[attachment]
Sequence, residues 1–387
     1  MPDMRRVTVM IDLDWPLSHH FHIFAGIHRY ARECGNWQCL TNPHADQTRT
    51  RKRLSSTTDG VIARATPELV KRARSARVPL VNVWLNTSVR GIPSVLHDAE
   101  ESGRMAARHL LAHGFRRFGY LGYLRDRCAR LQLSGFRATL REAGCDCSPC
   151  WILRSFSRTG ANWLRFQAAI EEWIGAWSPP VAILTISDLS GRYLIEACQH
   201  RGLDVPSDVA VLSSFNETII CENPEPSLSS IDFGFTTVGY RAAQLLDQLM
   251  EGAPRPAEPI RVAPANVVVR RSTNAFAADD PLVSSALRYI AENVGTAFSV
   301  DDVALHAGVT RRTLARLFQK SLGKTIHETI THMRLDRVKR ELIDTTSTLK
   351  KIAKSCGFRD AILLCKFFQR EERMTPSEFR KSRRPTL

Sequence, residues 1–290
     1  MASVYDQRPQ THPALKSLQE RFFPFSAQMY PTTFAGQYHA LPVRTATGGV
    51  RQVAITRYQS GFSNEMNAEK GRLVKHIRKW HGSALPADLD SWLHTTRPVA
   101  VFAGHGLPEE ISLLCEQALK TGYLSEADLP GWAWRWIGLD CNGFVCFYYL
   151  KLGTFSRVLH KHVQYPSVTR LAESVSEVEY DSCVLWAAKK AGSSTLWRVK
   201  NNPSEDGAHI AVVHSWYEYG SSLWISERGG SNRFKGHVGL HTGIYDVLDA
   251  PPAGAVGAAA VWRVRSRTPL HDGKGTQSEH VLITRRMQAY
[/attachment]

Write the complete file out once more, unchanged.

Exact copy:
Sequence, residues 1–387
     1  MPDMRRVTVM IDLDWPLSHH FHIFAGIHRY ARECGNWQCL TNPHADQTRT
    51  RKRLSSTTDG VIARATPELV KRARSARVPL VNVWLNTSVR GIPSVLHDAE
   101  ESGRMAARHL LAHGFRRFGY LGYLRDRCAR LQLSGFRATL REAGCDCSPC
   151  WILRSFSRTG ANWLRFQAAI EEWIGAWSPP VAILTISDLS GRYLIEACQH
   201  RGLDVPSDVA VLSSFNETII CENPEPSLSS IDFGFTTVGY RAAQLLDQLM
   251  EGAPRPAEPI RVAPANVVVR RSTNAFAADD PLVSSALRYI AENVGTAFSV
   301  DDVALHAGVT RRTLARLFQK SLGKTIHETI THMRLDRVKR ELIDTTSTLK
   351  KIAKSCGFRD AILLCKFFQR EERMTPSEFR KSRRPTL

Sequence, residues 1–290
     1  MASVYDQRPQ THPALKSLQE RFFPFSAQMY PTTFAGQYHA LPVRTATGGV
    51  RQVAITRYQS GFSNEMNAEK GRLVKHIRKW HGSALPADLD SWLHTTRPVA
   101  VFAGHGLPEE ISLLCEQALK TGYLSEADLP GWAWRWIGLD CNGFVCFYYL
   151  KLGTFSRVLH KHVQYPSVTR LAESVSEVEY DSCVLWAAKK AGSSTLWRVK
   201  NNPSEDGAHI AVVHSWYEYG SSLWISERGG SNRFKGHVGL HTGIYDVLDA
   251  PPAGAVGAAA VWRVRSRTPL HDGKGTQSEH VLITRRMQAY